• English Language, Literature, and Composition: Content Knowledge
  • General Science: Content Knowledge
  • Social Studies: Content Knowledge
  • Mathematics: Content Knowledge

Early Childhood-Adolescence (Depending on Specific Content Focus)

  • Agriculture
  • Art: Content Knowledge
  • Business Education: Content Knowledge
  • English to Speakers of Other Languages
  • Family and Consumer Sciences
  • Health Education
  • Marketing Education
  • Music: Content Knowledge
  • Physical Education: Content Knowledge
  • Technology Education
  • Theater

Further information about each examination and specific Wisconsin requirements can be found on the Education Testing Service’s website.

Experience Requirements

Approved teacher education programs provide opportunities for student teachers to hone their management and teaching skills through first-hand experiences in the classroom. Student teaching varies in length depending on the school and subject, but most students find this to be one of the most enlightening experiences during teacher preparation.

Through student teacher experience, students learn how to apply instructional strategies, and gain a more complete understanding of student motivation and behavior. Students are usually paired with teachers who support them and give them feedback on teaching and management techniques throughout the student teaching experience.

Document and Application Requirements

After you pass your teacher education program and meet all testing and experience requirements, you’re eligible to apply for your initial Wisconsin Educator’s License.

Initial in-state teachers can find the required licensure application form here. Applicants must provide all information listed in the application form in order to be considered for certification including:

  • Applicant Information: Phone Number where you can be contacted between 8 a.m. and 4 p.m.
    Central Time
  • License Requested: List the requested licenses and your preferred start date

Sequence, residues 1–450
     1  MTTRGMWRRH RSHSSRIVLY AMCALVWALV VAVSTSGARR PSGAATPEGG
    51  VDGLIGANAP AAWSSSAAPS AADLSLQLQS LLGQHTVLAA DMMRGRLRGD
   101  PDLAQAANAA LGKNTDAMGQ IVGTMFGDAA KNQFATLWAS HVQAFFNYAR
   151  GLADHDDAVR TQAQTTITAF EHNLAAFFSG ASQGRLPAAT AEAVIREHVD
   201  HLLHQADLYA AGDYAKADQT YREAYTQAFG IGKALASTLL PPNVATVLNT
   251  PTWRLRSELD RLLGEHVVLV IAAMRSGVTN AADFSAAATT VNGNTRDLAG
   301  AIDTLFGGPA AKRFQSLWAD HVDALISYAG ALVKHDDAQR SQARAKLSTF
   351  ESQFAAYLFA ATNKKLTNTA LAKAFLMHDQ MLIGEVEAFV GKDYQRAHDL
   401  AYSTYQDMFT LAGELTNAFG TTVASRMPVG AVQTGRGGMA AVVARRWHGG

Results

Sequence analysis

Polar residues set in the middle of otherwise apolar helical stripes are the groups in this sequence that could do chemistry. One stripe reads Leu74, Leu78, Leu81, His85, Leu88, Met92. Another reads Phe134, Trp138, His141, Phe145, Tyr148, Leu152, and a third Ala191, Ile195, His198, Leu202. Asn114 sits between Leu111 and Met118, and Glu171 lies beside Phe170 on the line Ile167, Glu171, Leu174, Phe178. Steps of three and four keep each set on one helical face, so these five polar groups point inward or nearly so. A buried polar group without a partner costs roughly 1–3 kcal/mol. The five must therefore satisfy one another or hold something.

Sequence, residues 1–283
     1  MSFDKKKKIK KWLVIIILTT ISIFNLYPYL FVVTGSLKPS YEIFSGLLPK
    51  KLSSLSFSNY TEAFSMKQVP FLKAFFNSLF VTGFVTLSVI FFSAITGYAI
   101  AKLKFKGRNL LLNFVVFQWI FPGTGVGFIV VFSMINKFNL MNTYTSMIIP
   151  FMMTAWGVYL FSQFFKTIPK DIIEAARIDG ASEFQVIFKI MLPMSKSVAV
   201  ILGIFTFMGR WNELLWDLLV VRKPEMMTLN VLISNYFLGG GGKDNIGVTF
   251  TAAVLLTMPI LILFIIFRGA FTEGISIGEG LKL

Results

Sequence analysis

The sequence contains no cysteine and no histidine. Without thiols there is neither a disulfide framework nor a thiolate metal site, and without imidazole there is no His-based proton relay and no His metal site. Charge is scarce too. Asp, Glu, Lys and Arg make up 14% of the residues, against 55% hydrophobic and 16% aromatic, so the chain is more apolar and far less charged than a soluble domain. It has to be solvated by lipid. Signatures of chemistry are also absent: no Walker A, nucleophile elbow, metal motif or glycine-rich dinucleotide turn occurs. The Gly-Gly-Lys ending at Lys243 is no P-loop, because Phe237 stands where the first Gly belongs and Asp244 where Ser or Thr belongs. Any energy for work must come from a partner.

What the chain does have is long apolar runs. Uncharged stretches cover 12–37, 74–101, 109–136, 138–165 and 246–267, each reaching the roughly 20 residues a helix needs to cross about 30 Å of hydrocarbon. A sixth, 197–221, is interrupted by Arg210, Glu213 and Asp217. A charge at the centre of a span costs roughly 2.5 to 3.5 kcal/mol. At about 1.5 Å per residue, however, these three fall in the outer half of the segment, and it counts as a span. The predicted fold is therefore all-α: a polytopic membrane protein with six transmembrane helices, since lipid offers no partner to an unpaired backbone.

• Post-Secondary Education and Institutional Endorsement: Date of completion of teacher education program, in addition to an endorsement from the certifying officer of your teacher education program
  • Experience or Professional Growth: Only applies to candidates who completed a teacher education program more than five years ago and who were not licensed in Wisconsin.

Candidates must include a fee of $100 with their application.

After completing their application packets, candidates should mail the entire packet to the certifying officer of their Wisconsin college of university for endorsement. The certifying officer will then forward the packet to the Wisconsin Department of Public Instruction.

Criminal History Background Check

Wisconsin Initial Educator applicants must complete a Conduct and Competency Review included in their application forms. The review asks applicants to answer yes or no to 12 situational questions meant to determine if the applicant is fit to work with children.

Questions include: “Have you ever been convicted of a criminal offense?” and “Have you ever resigned, been disciplined, or dismissed from any teaching or other school position?”

Answering “yes” to any of the questions requires applicants to fill out a detailed explanation of the situation, including police reports or disciplinary letters. Answering “yes” does not automatically make a candidate ineligible for licensure, because each case is examined independently.

Contact Information

The Wisconsin DPI can be reached toll free at (800) 266-1027 or on their website.

The DPI office is located at:
DPI Educator Licensing
Drawer 794
Milwaukee, WI 53293-0794

*2019 U.S. Bureau of Labor Statistics data – Conditions in your area may vary.

**Teacher Retention Sources – U.S. Department of Education, National Center for Education, Statistics Schools and Staffing Survey, 1999–2000 (“Public School Teacher Questionnaire,” “Private School Teacher Questionnaire,” and “Public Charter School Teacher Questionnaire”),
and 2000–01 Teacher Follow-up Survey (“Questionnaire for Current Teachers” and “Questionnaire for Former Teachers,” Table 1.01). Washington, DC.

State estimations based on analysis by Richard Ingersoll, Professor of Education and Sociology, University of Pennsylvania, from the National Center for Education Statistics Student and Staffing Survey, and therefore include a slight margin of error.